Say Hello To Okra
Okra is such a ubiquitous part of Creole cuisine that anyone who's grown up in Southwest Louisiana might find it unremarkable. Passe', even. If it's not floating around deep-fried inside of a gumbo it's being stewed with tomatoes; on certain rare occasions it might show up pickled. It's a humble vegetable, hardly the sort of thing to inspire, and yet for some reason Saint Martinville stops everything once a year for their annual Okra Festival and Roy Blount Jr. made time in his busy career to write an ode to it (the appropriately named "Song to Okra”).
That might have more than a little to do with the fact that okra's history is so deeply entwined with Creole – and thus Louisiana – culinary culture. "The word 'gumbo' actually comes from the Swahili word 'ki ngombo,' which is what they called 'okra,” explains Panderina Soumas. And she should well know: Ms. Soumas, a major cook who also owns and operates Soumas Heritage Cultural Creations, traces her ancestry back to the same slaves who carried the first okra seeds over from West Africa to the Americas. Though some might suspect okra had originally been imported as a crop by plantation owners, Soumas says that's not the case: "Traders and plantation owners didn't care about growing okra because it wasn't profitable. They already had tobacco, cotton, their cash crops.” Instead, slaves carried it over – in their hair, where it had traditionally been braided, and in small pouches – in an attempt to keep their culture alive. Though they'd used okra as a crop in their native land it had a number of cultural uses – in fashion, in religion – that made it more useful as a reminder of identity than as a source of food for those first slaves.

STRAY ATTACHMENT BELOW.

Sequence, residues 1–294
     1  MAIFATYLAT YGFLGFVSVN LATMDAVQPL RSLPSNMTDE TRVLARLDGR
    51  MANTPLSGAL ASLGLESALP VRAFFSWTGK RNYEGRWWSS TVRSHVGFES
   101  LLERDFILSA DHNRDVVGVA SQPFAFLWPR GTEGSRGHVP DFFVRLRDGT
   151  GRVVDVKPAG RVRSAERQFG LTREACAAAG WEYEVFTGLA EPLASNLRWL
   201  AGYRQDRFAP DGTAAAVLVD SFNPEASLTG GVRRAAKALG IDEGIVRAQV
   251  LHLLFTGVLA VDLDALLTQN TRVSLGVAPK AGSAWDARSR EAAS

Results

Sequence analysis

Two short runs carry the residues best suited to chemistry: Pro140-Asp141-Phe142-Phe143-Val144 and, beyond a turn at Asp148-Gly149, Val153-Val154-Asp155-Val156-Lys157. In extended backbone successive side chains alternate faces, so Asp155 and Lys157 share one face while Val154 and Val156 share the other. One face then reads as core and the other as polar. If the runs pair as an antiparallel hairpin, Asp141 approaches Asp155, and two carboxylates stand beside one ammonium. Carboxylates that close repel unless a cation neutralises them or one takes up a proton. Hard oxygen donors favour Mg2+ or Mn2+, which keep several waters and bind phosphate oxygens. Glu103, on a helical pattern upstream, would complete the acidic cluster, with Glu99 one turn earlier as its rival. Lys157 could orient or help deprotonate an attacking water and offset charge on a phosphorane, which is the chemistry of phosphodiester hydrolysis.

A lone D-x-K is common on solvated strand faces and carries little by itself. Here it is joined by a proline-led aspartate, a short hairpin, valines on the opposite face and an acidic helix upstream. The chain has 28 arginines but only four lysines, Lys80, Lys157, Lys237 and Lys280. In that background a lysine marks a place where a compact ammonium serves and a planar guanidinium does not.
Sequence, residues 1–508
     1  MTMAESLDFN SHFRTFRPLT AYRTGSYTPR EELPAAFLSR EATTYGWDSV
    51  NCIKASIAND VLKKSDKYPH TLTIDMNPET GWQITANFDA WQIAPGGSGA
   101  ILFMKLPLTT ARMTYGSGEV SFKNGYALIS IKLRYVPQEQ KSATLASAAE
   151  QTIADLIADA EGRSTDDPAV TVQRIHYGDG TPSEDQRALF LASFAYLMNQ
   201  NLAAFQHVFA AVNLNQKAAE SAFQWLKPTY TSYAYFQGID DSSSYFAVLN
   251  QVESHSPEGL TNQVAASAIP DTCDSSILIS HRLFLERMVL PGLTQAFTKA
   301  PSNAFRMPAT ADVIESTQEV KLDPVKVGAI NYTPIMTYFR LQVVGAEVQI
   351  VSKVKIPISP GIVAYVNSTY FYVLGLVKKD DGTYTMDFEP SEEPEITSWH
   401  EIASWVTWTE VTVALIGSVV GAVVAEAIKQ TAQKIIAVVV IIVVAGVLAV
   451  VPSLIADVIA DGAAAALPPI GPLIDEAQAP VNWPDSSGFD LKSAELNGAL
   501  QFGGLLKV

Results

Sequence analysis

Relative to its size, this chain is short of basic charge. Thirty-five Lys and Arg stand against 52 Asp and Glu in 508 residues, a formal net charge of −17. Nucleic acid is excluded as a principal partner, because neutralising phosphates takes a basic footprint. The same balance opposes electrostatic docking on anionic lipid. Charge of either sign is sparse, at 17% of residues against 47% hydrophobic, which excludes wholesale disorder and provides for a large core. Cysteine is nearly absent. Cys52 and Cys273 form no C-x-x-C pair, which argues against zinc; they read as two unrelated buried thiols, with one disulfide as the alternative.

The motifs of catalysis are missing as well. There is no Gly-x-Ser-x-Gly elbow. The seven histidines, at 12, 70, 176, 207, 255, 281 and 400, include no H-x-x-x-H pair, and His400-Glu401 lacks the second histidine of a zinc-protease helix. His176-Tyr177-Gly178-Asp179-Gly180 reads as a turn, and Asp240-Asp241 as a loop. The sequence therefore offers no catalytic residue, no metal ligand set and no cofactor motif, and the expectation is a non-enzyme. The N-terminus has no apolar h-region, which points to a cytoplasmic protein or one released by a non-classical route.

Only when they found they had the ability and the need to grow their own crops in their quarters did the slaves start to rely on okra for food and only later still did the plantation owners learn from them that okra had more than a few culinary (and extra culinary) uses. As Soumas explains it, dried and ground okra seeds often served as a coffee substitute in a pinch and even had a number of medicinal uses: it shows up time and again as an ingredient in folk remedies meant to sooth teething children. More than that, though, it flourished so well in the humid Southern climate and did so much to thicken stews and roux that it soon found a natural place in the pantheon of Creole and Cajun ingredients. Which is not to say that it's universally revered: the same sliminess that makes it such a perfect thickening agent in gumbo also makes okra a risky, overpowering addition to most dishes. Soumas suggests adding only a small amount to dishes to lend them a light earthy, peppery taste. Failing that, she suggests stirring it constantly while you fry it, noting that her mother "always used a wooden spoon to stir it. It had to be a wooden spoon.”
Regardless of how you do it, make some use of okra. It's a staple of Southern cuisine and culture for more than a few reasons, it's got more than a few benefits for the health conscious (it's packed with Vitamins A and C, that it's got more than a little iron and it's a reliable source for dietary fiber) and its season is coming up: okra flourishes in the late summer and early fall.